No, of course not, the advocates support it.
In the current edition of Horse Tales, page 7, the Campaign Against America’s Wild Horses said the original Wild Free-Roaming Horses and Burros Act has been weakened by amendments that benefit private interests.
No disputing that.
But the proposed revamp, a thinly veiled attempt to substitute the Montana Solution for helicopter roundups, serves its interests!
Instead of tossing out “Appropriate Management Level,” an undefined term introduced in 1978 that favors the public-lands ranchers, the bill ratifies it.
Were you expecting something better from the advocates?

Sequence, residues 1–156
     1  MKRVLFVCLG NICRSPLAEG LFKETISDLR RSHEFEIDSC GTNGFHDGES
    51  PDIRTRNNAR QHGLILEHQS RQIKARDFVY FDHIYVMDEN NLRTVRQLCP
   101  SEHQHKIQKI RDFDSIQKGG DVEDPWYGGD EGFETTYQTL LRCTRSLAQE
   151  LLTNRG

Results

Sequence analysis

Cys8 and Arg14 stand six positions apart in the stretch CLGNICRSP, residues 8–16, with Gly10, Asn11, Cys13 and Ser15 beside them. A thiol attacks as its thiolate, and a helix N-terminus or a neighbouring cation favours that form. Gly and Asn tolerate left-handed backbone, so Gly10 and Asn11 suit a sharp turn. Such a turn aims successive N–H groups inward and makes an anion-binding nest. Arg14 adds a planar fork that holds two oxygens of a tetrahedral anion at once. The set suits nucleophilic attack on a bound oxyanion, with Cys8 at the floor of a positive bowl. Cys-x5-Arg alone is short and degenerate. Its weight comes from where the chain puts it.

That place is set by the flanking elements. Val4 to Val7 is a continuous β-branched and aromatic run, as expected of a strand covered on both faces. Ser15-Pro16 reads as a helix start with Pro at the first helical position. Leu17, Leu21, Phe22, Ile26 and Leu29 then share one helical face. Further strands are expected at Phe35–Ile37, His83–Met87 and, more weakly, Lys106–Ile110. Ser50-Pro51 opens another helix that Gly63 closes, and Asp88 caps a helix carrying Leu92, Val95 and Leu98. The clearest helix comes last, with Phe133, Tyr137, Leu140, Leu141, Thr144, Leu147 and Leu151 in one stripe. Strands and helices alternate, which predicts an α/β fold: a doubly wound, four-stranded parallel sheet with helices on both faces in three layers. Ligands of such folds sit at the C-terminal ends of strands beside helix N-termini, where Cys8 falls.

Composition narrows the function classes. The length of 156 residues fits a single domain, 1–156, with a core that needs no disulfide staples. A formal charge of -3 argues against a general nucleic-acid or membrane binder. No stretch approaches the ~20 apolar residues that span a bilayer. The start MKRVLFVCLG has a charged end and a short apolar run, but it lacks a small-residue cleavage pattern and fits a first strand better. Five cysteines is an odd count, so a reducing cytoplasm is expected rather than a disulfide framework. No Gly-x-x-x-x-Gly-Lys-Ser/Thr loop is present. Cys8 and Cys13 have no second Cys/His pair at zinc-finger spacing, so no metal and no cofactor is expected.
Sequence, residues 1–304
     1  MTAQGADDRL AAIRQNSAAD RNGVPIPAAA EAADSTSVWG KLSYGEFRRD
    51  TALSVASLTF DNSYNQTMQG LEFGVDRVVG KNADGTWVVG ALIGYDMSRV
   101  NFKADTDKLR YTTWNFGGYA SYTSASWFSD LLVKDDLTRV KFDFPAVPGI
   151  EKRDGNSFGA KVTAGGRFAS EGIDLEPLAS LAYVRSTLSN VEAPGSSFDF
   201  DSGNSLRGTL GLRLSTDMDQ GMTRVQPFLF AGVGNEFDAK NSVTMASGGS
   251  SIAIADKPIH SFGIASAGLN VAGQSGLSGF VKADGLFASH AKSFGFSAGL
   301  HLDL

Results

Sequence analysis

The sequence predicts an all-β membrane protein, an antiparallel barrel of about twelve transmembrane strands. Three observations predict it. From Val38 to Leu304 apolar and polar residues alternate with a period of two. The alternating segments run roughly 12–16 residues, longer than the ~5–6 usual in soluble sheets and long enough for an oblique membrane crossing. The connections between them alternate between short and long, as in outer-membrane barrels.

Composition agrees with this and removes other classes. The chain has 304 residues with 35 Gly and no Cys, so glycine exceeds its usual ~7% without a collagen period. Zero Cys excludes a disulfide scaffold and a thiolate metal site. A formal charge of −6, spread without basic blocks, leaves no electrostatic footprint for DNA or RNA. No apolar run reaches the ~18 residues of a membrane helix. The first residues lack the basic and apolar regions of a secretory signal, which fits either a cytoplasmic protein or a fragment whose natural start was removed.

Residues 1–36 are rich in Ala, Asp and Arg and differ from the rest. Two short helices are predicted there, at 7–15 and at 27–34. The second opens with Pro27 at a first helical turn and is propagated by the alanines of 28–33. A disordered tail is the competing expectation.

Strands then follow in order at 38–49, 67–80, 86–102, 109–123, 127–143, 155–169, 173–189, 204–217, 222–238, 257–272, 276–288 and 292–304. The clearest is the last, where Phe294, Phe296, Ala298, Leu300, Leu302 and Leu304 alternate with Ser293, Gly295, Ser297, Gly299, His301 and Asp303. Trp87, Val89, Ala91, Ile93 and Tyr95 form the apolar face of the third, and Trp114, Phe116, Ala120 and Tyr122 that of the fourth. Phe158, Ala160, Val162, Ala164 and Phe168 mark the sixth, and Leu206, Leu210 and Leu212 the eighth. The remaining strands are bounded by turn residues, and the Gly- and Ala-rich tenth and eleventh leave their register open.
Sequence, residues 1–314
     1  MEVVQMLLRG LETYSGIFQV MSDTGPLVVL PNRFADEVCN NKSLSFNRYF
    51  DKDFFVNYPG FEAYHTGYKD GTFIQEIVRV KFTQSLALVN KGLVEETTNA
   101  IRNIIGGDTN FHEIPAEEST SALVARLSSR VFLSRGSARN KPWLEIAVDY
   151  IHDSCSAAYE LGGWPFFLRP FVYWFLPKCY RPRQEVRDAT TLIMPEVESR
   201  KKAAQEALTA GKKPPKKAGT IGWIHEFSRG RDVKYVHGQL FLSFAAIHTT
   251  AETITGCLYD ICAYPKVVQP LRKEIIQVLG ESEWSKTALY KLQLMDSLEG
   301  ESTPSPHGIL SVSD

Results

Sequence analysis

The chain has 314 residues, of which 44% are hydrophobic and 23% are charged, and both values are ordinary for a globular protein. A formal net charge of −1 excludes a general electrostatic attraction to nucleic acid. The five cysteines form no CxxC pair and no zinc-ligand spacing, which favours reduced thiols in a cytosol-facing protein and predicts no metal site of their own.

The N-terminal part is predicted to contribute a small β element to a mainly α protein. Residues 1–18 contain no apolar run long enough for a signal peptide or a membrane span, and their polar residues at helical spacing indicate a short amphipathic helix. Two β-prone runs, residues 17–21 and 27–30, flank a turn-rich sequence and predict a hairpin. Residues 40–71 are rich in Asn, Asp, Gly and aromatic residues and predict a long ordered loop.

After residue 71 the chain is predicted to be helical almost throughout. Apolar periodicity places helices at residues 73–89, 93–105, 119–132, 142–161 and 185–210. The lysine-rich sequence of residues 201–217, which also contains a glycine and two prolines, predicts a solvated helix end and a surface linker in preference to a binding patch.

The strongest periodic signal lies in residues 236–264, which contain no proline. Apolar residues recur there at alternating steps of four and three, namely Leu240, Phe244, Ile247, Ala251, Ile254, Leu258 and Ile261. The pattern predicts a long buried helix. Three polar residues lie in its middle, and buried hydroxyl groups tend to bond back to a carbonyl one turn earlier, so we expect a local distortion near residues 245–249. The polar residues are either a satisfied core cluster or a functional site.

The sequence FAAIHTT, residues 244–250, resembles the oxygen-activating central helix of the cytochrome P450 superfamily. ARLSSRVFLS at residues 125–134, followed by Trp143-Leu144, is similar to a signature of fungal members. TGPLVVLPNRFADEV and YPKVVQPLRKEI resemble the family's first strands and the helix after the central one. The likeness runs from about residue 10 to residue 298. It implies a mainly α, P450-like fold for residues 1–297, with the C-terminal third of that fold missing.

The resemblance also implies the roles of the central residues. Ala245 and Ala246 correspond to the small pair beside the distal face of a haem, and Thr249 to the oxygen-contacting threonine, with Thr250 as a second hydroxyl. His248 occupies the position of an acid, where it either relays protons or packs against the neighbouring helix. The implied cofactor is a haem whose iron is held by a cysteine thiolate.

AMLs are small relative to the available resources because most of the food and water have been assigned to privately owned livestock.
The bureaucrats, and now the advocates, refer to the arrangement as a thriving natural ecological balance.
In the original statute, areas designated for wild horses were to be managed principally but not exclusively for them. There was no provision for livestock.
This should be the goal of any new legislation, to be achieved by confining the ranchers to their base properties in a year-round off season.
There’s nothing natural about livestock grazing on public lands. They’re not, and never were part of the North American ecosystem.
As for HR 9154, the advocates are extremely proud of the bill, according to the writer, and now they need the support of other members of Congress to protect these innocent animals (with a restricted-use pesticide).
RELATED: Whose Fingerprints on HR 9154?